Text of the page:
The First Trump-Biden Debate: A Debrief


These campaign posters hanging in Mr. Hettinger’s classroom highlight the importance of voters supporting the candidate they believe will help the country most. Watching the presidential debates is one way voters decide how to vote. Courtesy of Mr. Hettinger.

Shrutika Ezhil, Staff Writer

   Tuesday, September 29th. The first time that we saw President Trump and Joe Biden together on stage, ready to debate. But America was not ready for what the night brought, or what it didn’t, for this matter. If you missed it, here’s a quick debrief of the night: bickering, interruptions, and chaos. 

   Both candidates seemed to have a different plan for the debate rather than reasonable debating. Shreshta Kumar (12) watched the debate and remembered that, “interruptions and unprofessional behavior were more prevalent than the discussion about their policies.” Whose fault was this? Mr. Hettinger, West High’s U.S. History and AP Government & Economics teacher, said, “I blame Trump more as he was the primary interrupter of Biden. It seemed like all he wanted to do was to try to turn the debate into a chaotic argument, hoping to get Biden to stumble or show his age… I thought it was very unpresidential for Trump to do that.” However, Raphi Rebucas (10) suggested that it was actually Chris Wallace’s “lack of competence in trying to contain both sides’ interjections” that caused this debate to get out of hand. Whoever’s fault it may have been, throughout the entirety of the 2 hours, viewers were left lost and confused with their eardrums straining.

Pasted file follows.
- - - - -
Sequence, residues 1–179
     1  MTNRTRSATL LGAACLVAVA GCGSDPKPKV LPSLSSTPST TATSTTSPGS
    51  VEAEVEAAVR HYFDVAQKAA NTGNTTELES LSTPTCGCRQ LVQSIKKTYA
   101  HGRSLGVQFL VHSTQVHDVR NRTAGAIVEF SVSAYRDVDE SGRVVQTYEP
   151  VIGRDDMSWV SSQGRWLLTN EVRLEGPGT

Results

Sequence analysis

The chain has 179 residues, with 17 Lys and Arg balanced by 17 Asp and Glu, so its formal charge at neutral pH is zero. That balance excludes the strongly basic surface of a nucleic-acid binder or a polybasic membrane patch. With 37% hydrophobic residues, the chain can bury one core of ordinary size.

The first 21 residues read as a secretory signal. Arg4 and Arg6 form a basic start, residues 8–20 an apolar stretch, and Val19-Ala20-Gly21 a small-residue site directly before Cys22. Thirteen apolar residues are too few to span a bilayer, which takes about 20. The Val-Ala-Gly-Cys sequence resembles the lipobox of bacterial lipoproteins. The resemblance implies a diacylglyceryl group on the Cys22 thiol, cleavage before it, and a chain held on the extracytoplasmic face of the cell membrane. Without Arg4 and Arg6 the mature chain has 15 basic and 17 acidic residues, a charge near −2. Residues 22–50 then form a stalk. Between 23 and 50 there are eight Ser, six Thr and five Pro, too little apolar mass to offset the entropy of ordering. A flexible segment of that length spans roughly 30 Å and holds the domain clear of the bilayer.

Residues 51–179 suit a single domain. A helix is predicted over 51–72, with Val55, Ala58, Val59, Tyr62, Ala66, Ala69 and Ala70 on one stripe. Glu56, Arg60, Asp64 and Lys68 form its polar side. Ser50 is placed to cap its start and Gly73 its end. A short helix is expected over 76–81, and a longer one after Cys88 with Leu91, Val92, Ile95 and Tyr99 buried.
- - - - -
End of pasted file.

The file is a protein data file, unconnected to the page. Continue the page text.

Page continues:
How about the actual questions that were asked? Well, Rebucas believed that the questions asked by Chris Wallace were “shamefully partial and biased against the President…[which] is incredibly dangerous to the voter.” Although Mr. Hettinger agreed that there were tougher questions for the President, he believes that they had a reason: “there are lots of big issues with Trump that he hasn’t addressed, like his taxes…there aren’t big scandals or issues hanging over Biden’s head.” 

   Compared to past presidential debates, the overall consensus was that there wasn’t much to learn or get from this debate. “I have been watching Presidential debates since 1984 and that’s the worst one that I’ve seen because they didn’t address specific policy solutions [and] they dropped our level of political discourse to a new low,” Mr. Hettinger noted. Lester Holt, the NBC anchor, mirrored Mr. Hettinger’s words, calling this debate “a low point in American political discourse.” This debate may have been a reflection of the political climate of our country ― how things are seen now more as a war of two sides rather than representative leaders who are fighting for the betterment of their people. According to Pew Research Center, Republicans and Democrats have grown further apart when it comes to issues since 2017.

   Although the debate wasn’t effective in nature, Izel Arambula (12) suggested a new perspective: “It’s allowed us to see WHO exactly our candidates are. Each candidate’s true character was revealed that night, and I think now that we’ve seen how each truly acts towards each other, the right choice to make will be obvious to some.”

   If you’re 18 years old and an American citizen, register to vote here! Each and every voice is important.